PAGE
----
Ted Fort with a great explanation of 'swing plane.'
One of the great examples of a golfer who is beautifully on plane is one of Ted's friends, former professional Louis Brown.
There's a big desire and quest to have a 'single plane' or in TGM terms a 'zero shift.' Basically this is where the golfer tries to stay on the same plane throughout the golf swing.
There's talk that Moe Norman was on a single plane, but the actual video discussing this shows him on 2 planes (Turned shoulder and elbow plane). In Moe's case he was what they call in TGM terms a 'double shift' swing plane variation. He went from the elbow plane, to the TSP, then back to the elbow plane on the downswing.
I actually use a single shift which is still a '2-plane' swing. Remember, only a 'zero shift' is what they call a '1-plane' swing.
However, I tend to believe that the downswing in golfer's is too upright and they need to find ways to flatten it out. I'm not the biggest fan of staying on the TSP in the downswing...even in my own swing. I think if you have a flatter downswing you're likely to hit the ball more consistently and accurately because the way the clubs are built they really are not made to be swung upright...although I believe today's clubs tend to make golfers swing more upright than they ever should.
The big issue is if you naturally swing on the TSP on the downswing, you may want to avoid try to go to the elbow plane because it's often a futile attempt in the end. If I were going to suggest a way to do it, I would suggest finding an old forged 5-iron and bending 2* flat and hitting balls with it. Eventually your brain will tell your body that you need to flatten out your downswing. And as you get better, then bend the club a few more degrees flatter.
Since it's an old, beat up club if the club snaps from bending it then you are not out a new club or some decent amount of money. However, John Erickson...known for bending clubs...says he's never had 1 forged club snap on him when he bends them and says the most he ever bent a club was 12* flat!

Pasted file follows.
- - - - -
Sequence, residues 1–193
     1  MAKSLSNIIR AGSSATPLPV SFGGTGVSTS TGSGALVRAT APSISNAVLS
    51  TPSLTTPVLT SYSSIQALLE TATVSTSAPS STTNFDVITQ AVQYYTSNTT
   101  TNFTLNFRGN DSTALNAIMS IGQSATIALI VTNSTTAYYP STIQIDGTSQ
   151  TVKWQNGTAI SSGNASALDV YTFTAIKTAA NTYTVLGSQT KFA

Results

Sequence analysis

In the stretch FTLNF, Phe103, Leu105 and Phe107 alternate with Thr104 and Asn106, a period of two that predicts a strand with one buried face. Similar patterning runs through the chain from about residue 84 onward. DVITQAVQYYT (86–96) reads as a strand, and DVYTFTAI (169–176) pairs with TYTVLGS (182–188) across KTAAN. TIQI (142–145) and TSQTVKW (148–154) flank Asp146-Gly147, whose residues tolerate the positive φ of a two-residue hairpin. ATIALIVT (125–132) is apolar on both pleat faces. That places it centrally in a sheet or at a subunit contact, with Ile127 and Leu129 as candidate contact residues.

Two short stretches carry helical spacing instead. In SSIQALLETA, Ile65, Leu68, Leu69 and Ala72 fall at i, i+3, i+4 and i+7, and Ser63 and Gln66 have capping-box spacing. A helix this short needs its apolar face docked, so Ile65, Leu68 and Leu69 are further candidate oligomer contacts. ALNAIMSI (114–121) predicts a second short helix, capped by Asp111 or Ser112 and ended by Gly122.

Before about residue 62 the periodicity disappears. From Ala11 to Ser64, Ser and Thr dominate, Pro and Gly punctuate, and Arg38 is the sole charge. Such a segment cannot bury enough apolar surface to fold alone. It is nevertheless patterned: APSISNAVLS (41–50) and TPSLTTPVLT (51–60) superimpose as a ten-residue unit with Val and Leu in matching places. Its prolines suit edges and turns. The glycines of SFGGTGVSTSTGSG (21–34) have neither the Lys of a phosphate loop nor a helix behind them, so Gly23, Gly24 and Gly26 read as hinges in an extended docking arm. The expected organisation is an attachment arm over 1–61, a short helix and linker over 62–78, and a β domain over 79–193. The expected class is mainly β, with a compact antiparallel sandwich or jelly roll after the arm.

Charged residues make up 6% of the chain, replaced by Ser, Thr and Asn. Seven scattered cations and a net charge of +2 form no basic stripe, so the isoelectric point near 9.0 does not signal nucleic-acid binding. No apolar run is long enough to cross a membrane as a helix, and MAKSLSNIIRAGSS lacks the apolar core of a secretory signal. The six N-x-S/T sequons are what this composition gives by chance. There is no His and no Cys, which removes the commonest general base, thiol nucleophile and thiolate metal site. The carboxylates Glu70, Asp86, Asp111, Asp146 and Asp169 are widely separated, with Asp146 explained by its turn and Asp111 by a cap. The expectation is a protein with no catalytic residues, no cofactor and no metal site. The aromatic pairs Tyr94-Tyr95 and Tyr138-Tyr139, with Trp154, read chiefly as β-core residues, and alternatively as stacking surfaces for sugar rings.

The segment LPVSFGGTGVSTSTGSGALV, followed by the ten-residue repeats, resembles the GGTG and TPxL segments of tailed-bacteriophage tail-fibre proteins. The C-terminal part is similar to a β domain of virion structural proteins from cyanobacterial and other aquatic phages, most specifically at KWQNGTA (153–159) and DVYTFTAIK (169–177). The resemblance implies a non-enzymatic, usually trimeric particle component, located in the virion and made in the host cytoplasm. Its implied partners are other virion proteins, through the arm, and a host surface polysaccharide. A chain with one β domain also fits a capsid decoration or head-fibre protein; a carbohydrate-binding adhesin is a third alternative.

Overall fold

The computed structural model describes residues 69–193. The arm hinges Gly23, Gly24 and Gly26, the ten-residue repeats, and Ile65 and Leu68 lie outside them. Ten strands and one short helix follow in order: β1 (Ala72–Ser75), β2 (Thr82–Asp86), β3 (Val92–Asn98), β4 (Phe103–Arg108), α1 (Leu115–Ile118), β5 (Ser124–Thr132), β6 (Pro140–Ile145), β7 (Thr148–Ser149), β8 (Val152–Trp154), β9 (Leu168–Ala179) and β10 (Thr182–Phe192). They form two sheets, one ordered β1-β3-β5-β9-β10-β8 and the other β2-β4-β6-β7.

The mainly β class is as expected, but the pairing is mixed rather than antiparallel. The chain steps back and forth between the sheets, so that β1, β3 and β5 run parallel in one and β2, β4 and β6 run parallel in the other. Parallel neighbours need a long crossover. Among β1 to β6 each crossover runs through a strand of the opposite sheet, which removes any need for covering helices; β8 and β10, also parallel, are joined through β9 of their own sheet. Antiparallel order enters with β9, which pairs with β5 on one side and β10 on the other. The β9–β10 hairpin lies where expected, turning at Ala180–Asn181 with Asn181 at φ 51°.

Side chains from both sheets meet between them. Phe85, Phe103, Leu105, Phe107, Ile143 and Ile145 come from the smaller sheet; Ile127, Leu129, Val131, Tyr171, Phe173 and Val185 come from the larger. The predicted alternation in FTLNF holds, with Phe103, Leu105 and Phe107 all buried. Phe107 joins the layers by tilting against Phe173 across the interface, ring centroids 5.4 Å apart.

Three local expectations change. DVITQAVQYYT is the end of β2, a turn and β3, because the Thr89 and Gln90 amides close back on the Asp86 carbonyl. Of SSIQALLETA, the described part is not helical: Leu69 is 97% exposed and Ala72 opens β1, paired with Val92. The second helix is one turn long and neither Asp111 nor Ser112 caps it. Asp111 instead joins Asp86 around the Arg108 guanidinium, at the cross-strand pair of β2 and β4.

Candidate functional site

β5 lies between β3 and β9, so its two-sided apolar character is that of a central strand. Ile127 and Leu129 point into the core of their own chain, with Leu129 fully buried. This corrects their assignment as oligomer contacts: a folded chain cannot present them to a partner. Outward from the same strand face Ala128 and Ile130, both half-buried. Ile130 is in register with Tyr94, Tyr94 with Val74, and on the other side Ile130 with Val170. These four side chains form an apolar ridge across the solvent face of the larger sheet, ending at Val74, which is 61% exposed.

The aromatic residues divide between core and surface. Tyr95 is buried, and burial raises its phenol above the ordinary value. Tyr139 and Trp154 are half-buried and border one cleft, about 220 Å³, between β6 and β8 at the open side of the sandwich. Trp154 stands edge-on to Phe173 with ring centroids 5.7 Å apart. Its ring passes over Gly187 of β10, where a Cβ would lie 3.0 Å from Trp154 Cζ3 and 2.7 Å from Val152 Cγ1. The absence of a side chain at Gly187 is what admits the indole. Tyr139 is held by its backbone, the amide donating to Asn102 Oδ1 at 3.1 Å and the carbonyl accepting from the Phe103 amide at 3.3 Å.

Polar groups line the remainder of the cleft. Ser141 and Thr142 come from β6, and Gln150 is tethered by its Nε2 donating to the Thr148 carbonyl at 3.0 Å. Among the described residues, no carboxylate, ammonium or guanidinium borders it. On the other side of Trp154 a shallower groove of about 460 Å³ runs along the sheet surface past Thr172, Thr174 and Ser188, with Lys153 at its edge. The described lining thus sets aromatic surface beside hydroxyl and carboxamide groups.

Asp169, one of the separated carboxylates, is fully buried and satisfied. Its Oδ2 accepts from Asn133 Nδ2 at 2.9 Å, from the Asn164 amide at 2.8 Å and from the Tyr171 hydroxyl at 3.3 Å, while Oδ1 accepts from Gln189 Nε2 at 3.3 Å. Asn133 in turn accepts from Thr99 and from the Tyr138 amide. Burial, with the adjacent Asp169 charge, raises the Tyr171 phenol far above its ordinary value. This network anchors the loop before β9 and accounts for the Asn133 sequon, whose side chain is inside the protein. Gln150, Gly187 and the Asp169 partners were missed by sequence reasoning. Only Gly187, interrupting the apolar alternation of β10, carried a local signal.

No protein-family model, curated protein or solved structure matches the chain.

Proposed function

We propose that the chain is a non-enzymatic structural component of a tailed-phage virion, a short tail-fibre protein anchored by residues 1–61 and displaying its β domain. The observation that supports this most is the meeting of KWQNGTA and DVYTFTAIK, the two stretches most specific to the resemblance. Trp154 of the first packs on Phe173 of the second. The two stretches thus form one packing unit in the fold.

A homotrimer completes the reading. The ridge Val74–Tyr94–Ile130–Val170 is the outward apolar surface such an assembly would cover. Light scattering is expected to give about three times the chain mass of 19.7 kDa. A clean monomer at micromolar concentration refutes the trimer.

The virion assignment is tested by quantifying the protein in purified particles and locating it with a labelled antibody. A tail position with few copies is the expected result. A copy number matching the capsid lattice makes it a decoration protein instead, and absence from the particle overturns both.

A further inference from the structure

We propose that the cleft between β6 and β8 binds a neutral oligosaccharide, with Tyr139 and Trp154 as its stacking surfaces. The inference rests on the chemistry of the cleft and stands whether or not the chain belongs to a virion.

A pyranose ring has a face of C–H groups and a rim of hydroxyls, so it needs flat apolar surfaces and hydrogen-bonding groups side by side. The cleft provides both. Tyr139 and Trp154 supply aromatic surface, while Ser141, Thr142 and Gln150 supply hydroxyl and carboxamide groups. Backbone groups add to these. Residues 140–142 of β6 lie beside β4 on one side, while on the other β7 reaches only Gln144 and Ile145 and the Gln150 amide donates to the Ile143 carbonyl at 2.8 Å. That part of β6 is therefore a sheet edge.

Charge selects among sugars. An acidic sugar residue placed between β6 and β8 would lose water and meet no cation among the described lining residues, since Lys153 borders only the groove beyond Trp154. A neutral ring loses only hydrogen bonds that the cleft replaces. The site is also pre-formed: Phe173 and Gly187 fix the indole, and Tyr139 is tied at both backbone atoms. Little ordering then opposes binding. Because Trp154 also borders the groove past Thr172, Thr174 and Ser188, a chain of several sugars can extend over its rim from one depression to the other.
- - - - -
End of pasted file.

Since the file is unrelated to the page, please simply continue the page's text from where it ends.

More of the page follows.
Anyway, like Ted stated it really doesn't matter if you swing on a flat plane or an upright plane, but that you 'stay on plane.' However, I just find that if your *downswing* is more upright, your margin for error is less.
Also, if you look at most current Tour pros and most of the great golfers of the past, they almost all use the 'double shift' (elbow-TSP-elbow). Most of these golfers were not into the science of the game, but I believe they did this because their brains were in tune that in order to hit the ball as well as they possibly can and do it consistently, they needed to swing on a flatter *downswing* plane.
In fact, I really don't believe the 1 Swing Plane actually exists. And I've come across quite a few golfers that have tried it and to a man they all say they can't hit a driver when doing it. I know Tiger's coach, Hank Haney, worked under the '1 Plane Swing' founder Jim Hardy and is trying the 'parallel planes' that Ted talks about in the video and he also struggles with his driver.
Another key factor in plane is 'staying on plane' after impact. This post by friend of the 3Jack Blog, nyc lagster, does a great job of explaining why 'swinging left' is important.
As you can see, by 'swinging left' the golfer keeps the club on plane post impact.
I really think that's what teachers like SliceFixer, Geoff Jones, Mac O'Grady, Manzella and others are really doing with their instruction...trying to get the golfer to stay on plane after they hit the ball by 'swinging left.' How they teach 'staying on plane after impact' is a whole different thing.